When the British artillery stopped, Perkin and his men made their way through the gap cut in their barbed wire overnight - in the post-dawn daylight the gaps had been observed by the Germans. The 12/ York and Lancaster were easy targets. They were surprised to find that the German machine-guns had not been silenced as had been confidently predicted; on the contrary, they were being used to savagely good effect. Perkin was amongst the few that did reputedly reach the German barbed wire only to find that it was virtually uncut by British artillery fire.
Map 4 Fricourt
‘When I think of my dear old chums, I could cry’
Private David Sweeney, 1/Lincolns
This walk covers the area of the attack by the 17th (50th Brigade) and 21st Divisions
Points of interest:
• Area where the 7/ Yorkshire (Green Howards) suffered catastrophic losses
• The site of mine craters at the Tambour
• Cemetery with burials of a battalion that suffered the worst casualties on 1st July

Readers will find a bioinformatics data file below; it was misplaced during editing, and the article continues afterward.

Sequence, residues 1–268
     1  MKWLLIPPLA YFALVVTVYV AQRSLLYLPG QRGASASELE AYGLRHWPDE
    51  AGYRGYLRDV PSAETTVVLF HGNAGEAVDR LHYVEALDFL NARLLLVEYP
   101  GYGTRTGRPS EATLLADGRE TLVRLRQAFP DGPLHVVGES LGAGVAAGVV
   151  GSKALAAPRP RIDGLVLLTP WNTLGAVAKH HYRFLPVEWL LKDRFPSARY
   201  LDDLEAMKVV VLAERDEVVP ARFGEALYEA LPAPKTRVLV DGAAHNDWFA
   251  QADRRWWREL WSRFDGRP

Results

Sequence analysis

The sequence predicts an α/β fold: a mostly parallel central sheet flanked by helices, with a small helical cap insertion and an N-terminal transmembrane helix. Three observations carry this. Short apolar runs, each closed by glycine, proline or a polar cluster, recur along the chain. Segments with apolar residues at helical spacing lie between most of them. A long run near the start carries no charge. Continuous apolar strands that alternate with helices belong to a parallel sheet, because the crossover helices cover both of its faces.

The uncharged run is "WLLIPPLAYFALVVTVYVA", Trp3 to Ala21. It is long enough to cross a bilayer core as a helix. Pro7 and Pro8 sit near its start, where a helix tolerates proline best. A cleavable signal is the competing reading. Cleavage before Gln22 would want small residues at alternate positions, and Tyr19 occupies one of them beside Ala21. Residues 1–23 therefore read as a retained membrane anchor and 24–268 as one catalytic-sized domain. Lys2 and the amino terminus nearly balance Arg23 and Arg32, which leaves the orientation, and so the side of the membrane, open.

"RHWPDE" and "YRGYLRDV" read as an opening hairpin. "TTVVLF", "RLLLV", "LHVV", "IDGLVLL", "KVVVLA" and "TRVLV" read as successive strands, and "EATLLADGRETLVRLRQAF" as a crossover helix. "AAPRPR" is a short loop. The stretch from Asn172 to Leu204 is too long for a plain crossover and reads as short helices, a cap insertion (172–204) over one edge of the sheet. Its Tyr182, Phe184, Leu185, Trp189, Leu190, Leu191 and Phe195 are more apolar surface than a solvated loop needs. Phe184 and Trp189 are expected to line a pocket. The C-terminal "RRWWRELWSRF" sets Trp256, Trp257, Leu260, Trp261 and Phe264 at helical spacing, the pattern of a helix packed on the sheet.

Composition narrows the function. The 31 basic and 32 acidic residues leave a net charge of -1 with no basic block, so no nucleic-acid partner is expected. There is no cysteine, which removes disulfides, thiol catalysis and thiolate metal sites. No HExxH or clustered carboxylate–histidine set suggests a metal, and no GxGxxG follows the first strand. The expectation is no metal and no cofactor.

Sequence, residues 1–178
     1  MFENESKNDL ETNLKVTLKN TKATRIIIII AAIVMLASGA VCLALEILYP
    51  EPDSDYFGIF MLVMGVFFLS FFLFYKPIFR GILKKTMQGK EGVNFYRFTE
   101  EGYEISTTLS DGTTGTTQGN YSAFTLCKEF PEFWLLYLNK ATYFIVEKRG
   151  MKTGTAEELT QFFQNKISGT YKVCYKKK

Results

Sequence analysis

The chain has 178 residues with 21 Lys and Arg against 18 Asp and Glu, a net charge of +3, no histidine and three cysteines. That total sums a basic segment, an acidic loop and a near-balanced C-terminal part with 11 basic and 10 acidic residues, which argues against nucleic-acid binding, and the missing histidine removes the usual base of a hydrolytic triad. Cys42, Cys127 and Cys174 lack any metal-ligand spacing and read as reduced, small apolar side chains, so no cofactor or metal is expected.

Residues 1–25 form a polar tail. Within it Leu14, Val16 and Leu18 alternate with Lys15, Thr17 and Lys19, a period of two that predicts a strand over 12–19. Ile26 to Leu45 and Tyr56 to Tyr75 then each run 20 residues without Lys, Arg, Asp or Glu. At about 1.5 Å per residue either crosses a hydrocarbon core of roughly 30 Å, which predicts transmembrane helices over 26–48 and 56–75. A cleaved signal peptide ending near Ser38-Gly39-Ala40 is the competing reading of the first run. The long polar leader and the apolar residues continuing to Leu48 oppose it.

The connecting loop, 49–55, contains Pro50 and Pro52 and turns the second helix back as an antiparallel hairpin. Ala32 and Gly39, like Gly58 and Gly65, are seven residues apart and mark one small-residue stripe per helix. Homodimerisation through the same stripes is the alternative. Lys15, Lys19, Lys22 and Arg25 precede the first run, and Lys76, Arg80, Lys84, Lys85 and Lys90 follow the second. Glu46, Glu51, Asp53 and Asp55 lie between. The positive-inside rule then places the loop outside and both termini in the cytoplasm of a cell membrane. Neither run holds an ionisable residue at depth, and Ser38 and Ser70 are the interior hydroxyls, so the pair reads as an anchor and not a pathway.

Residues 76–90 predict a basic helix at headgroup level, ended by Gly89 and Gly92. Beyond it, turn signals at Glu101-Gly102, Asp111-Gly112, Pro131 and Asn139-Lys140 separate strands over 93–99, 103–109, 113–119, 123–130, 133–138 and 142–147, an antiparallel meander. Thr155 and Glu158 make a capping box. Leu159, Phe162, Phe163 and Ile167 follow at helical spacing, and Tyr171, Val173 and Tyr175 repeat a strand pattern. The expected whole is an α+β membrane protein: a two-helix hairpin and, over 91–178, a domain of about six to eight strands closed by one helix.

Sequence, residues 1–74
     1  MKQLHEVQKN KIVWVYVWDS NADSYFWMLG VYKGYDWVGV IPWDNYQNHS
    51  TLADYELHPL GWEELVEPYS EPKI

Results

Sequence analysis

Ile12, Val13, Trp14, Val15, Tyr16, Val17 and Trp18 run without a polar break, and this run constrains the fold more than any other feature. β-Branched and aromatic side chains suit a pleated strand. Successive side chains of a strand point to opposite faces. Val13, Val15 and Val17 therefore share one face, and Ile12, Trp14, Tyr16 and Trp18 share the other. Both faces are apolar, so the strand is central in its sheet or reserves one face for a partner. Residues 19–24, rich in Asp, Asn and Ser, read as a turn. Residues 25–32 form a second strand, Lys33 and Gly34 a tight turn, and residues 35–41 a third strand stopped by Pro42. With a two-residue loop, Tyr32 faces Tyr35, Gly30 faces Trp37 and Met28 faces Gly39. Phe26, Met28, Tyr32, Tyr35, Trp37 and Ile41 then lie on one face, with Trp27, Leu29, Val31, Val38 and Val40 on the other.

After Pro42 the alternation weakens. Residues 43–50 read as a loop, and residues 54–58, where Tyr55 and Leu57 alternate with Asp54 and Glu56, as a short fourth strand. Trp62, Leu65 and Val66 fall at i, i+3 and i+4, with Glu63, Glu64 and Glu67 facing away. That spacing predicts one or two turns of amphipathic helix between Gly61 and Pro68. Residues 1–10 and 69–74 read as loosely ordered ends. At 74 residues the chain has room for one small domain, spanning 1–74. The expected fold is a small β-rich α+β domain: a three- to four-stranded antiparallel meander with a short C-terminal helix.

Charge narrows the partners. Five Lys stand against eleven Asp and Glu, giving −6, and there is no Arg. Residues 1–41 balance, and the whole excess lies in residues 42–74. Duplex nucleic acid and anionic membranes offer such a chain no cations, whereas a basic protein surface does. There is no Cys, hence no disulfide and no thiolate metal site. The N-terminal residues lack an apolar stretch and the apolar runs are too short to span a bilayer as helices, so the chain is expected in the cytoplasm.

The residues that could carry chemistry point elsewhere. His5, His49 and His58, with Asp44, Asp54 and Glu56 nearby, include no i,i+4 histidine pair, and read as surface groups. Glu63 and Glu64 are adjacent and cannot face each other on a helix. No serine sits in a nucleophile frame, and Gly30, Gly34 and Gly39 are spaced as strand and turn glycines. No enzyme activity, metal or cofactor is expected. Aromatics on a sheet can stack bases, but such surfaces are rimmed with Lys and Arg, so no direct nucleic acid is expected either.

• A German cemetery with over 17,000 burials
Distance: 3.5 miles
Approximate time: 2.5 hours
Park in Fricourt opposite L’Auberge’In 49.996559, 2.714027. With your back to the Auberge, go left down to the crossroads. Turn left to
Fricourt (Bray Road) British Cemetery (1)
Started : By the 7/ East Yorks in July 1916
No. of burials: 133 including one unidentified and
90 1st July
Of interest: All 90 1st July burials are of the Green
Howards (Yorkshire Regiment) except,
oddly, for one East Yorks 2nd Lieutenant
Arthur Kippax. Note the Celtic Cross to
the Yorkshire Regiment
Architect: W.H. Cowlishaw
The cemetery is in between the German and British front lines i.e. the Germans were at the cross roads you have come from and the British on the other side of Willow Stream by the cemetery. As you face the cemetery, the 7/ Green Howards suffered huge losses attacking from the left